After the long debate about light rail and the transport spine, yesterday’s news about the demise of Wellington’s trolley buses came as a surprise, as did the concerns stated by the company that runs them.
The Regional Council told the DomPost that trolley bus services will end in 2017 as part of a plan for Wellington to have more modern vehicles, though these haven’t yet been found.
Zane Fulljames of NZ Bus, which owns the trolley buses, said it was pointless to get rid of them without deciding what would replace them. “A decision hasn’t been made. There needs to be a solid plan in place from trolleys to the next piece of technology.” He said the trolley buses could be used till 2022.
His dismay was echoed by the chief executive of the Cable Car Company which runs the overhead lines. He said it was disappointing that trolley buses would be stopping because “they’re an iconic part of Wellington that we all know and love.”
But Paul Swain of the Regional Council insists the trolley buses are too expensive. “Axing them was a big call but the correct one.” His reasons: the cost of maintaining the wire network, and the backlogs caused when they break down.
According to the DomPost, the decision is contained in a draft public transport plan released yesterday by the Regional Council. But the release has been a very restricted one – there’s nothing about it on the council’s website this weekend so it’s impossible to discover the complete details.
The paper says the council is also planning to change bus routes around the city, focusing on north-south and east-west spines. There will be more frequent services, but also the need for more passengers to change buses.
Mr Fulljames of NZ Bus is “very, very supportive” of the new routes. However, he is concerned that there’s no plan about how to introduce the changes.
Maximus: Off your trolley
Not only bus services are facing change. Changes to music education in the city have been announced, and challenged, this week. On Radio New Zealand yesterday, two university professors were questioned by Eva Radich about the news that the New Zealand School of Music, till now a combined venture run by VUW and Massey, is being taken over by Victoria. But the word takeover isn’t mentioned in the official announcement, which does its best to play down what is being planned.
The two vice-chancellors say they are both very proud of what the combined Music School has achieved in the areas of teaching, research and community engagement on two separated campuses over the past eight years. But their pride is qualified, as they say the joint operation has to end. Why? “To ensure the long-term viability of tertiary music programmes.” They promise that no jobs will be lost and all students will be able to complete their studies when everything is transferred into one venue up the hill at Victoria. And music at Massey isn’t to be completely abandoned – it’s to be given new courses in popular music in its college of creative arts. (“Lorde is the great example.”)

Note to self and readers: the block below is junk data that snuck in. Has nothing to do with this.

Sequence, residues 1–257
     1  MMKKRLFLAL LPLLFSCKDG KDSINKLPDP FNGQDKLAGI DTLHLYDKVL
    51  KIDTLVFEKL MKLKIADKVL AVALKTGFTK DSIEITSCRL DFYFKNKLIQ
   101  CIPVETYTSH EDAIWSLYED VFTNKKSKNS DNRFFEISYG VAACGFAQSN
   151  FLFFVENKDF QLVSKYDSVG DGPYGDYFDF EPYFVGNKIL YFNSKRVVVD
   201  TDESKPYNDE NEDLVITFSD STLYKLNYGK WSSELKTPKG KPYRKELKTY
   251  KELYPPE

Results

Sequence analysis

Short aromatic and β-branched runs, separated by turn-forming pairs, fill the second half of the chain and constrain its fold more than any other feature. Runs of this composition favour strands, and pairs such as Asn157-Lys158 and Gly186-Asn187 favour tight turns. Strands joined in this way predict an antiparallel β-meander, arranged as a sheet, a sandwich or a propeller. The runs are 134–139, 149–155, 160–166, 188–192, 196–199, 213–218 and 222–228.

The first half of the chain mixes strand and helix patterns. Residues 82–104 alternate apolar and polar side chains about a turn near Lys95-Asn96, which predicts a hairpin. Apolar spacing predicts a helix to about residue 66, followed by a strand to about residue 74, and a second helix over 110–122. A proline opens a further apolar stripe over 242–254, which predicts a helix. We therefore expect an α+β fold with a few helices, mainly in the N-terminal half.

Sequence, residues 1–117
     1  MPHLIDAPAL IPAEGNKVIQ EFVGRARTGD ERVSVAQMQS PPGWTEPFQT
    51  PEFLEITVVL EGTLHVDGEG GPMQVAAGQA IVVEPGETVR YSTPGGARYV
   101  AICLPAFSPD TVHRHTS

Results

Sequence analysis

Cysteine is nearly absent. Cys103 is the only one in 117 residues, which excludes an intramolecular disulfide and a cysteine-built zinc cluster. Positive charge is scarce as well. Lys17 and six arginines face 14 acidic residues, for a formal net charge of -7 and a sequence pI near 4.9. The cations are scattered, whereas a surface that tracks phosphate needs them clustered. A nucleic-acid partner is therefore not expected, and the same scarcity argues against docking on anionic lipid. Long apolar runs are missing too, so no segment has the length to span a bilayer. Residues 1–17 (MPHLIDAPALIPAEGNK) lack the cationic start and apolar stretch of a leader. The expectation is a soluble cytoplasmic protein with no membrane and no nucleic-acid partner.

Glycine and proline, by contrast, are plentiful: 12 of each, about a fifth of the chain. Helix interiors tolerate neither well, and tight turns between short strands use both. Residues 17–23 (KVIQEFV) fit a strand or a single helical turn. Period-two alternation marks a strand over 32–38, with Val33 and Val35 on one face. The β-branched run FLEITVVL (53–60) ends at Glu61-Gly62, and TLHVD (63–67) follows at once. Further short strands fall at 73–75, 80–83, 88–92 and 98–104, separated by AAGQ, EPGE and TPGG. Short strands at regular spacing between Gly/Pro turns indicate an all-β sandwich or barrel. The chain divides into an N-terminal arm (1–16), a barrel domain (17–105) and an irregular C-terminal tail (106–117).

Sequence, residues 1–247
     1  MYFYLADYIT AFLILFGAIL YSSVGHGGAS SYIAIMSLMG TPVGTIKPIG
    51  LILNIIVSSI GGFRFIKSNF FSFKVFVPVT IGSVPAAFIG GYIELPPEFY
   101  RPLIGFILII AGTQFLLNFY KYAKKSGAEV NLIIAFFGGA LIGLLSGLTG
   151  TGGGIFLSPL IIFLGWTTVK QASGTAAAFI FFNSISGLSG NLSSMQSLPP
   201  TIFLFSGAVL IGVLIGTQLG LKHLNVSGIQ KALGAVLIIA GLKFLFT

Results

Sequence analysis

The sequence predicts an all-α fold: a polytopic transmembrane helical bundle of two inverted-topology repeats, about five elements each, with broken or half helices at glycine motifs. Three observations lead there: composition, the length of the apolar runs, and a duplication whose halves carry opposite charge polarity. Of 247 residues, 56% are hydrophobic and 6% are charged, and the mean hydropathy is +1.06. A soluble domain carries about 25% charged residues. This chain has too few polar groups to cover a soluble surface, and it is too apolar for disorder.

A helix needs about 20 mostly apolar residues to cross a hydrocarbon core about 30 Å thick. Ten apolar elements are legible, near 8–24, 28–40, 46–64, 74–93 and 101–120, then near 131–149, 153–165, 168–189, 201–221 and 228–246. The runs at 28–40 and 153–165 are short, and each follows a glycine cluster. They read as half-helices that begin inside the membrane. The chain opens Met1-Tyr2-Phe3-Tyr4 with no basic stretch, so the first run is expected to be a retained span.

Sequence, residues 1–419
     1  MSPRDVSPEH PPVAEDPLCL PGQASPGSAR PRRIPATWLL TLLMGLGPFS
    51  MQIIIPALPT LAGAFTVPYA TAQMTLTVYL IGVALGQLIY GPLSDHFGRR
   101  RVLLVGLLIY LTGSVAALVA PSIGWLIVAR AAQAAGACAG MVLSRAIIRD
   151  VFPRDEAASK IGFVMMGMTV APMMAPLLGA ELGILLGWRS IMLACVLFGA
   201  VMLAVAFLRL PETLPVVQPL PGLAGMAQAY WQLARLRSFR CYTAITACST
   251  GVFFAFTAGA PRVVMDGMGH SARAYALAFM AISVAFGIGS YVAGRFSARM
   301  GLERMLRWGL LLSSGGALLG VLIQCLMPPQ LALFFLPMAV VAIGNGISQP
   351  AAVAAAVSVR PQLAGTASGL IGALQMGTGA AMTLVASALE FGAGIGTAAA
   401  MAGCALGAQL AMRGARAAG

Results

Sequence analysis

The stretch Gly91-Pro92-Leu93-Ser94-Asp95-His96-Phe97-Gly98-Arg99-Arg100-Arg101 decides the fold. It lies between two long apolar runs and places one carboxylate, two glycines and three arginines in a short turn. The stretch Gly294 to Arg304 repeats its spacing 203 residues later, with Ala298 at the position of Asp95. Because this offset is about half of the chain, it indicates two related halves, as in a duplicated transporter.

Then there’s the long-running debate about changes to Wellington local government. It was given some new life during the week when Bob Harvey, on a flying visit from Auckland to speak to the Lower Hutt Rotary Club, said he thinks we need to become a super city . Sir Bob, who was mayor of Waitakere for six terms till the super-city arrived, warned that we’ll be left behind unless we follow the example of Auckland. “Wellington is in danger of losing its voice, its power and its identity, and that’s disappointing… Local politicians need to forget about protecting their patch.”
There are, of course, other points of view, notably that of Lower Hutt mayor Ray Wallace, who organised a widely-reported “secret meeting” of mayors opposed to amalgamation. (Was he in the Rotary audience for the Harvey speech?)
Three correspondents in the DomPost’s letters section gave their reasons for disagreeing with Sir Bob. Gavin Dillon of Mt Victoria referred to the selling of snake oil and wrote: “Wellington’s identity is unique … Who wants it to be compared with Auckland with its sprawling crowded roads, and high cost of rental and property ownership?” Teresa Homan wrote “the residents of Hutt City and Upper Hutt … do not want to have our assets stripped from us and used to buy more big-ticket items that will be centralised in central Wellington.” And Lewis Holden wrote: “Having lived in Auckland and seen their rates rise along with their grass berms, I would caution Wellington not to rush into amalgamation.”
Sir Bob seems to have forgotten his regrets when Waitakare city vanished into the super-city monolith. As he wrote in 2012: “I personally felt a great deal of grief, believing Waitakere was the one city that had a genuine sense of pride, place and progress.” Perhaps he may have some secret sympathy for the views of Ray Wallace and the people of the Hutt Valley.